The City University of New York’s Student Senate voted on Sunday against twoconflicting resolutions focused on the working definition of anti-Semitism by the International Holocaust Remembrance Alliance.

One resolution, titled “Condemning Anti-Semitism and Supporting the CUNY Jewish Community,” was submitted to the USS in March. It called on CUNY to take certain measures to better protect its Jewish student body, including the adoption of the IHRA definition of anti-Semitism.

In response, a resolution was brought forth on April 8 by CUNY Students for Justice in Palestine, the CUNY Law Student Government and the CUNY Jewish Law Students Association, which is aligned with the anti-Israel group Jewish Voice for Peace. The bill’s co-sponsor, Nerdeen Mohsen Kiswani, made headlines earlier this year for posting a video on TikTok in which she set fire to an Israel Defense Forces sweatshirt.

The latter resolution alleged that the IHRA definition “has been used to create a false and dangerous polarity of interests between Palestinian and pro-Palestinian rights students and Jewish students.” It goes on to say that the wording “endangers and defames those advocating for Palestinian rights as inherently anti-Semitic, and has already been used to smear Palestinian, Arab and Muslim groups and individuals at CUNY, and to stifle free speech and political debate on campuses.”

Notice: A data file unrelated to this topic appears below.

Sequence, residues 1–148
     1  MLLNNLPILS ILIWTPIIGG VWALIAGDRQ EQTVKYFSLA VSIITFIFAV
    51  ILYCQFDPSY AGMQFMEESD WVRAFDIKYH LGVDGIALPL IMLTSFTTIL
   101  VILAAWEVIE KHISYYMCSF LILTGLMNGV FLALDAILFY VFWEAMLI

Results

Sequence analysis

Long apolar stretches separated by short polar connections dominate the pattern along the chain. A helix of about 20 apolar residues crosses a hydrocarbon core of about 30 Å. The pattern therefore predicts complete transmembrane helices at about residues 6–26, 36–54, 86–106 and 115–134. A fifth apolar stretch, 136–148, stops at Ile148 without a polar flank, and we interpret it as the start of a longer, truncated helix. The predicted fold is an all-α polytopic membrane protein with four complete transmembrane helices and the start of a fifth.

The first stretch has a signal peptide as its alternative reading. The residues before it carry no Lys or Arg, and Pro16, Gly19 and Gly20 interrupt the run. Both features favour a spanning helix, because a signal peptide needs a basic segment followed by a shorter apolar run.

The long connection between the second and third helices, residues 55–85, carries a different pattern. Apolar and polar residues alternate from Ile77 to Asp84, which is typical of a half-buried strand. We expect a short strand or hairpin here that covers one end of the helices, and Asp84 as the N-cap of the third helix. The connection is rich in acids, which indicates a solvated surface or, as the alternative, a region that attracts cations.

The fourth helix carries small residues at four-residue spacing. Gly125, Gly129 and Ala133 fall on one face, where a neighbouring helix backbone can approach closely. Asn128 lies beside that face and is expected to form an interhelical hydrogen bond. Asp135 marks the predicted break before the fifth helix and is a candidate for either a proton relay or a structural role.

Additionally, the resolution claimed that “the equation of speech and activity opposing Israel and Zionism, and/or supporting Palestinians, as inherently anti-Semitic is a form of anti-Palestinian racism.” It further stated that “anti-Semitism is not an exceptional form of bigotry. People and systems that hate, discriminate and/or attack Jews have also upheld structural racism, patriarchy and white supremacy.”

Roz Rothstein, CEO of StandWithUs, said that while she was disappointed that the IHRA resolution was defeated, she was relieved that the SJP-led resolution was also voted down.

“We commend Jewish students for standing up to such malicious bigotry and for the petition they created online that garnered thousands of signatures in favor of the IHRA definition,” she said. “CUNY can still do the right thing by supporting the majority of Jewish students and recognizing the IHRA definition, and we call on them to do so.”

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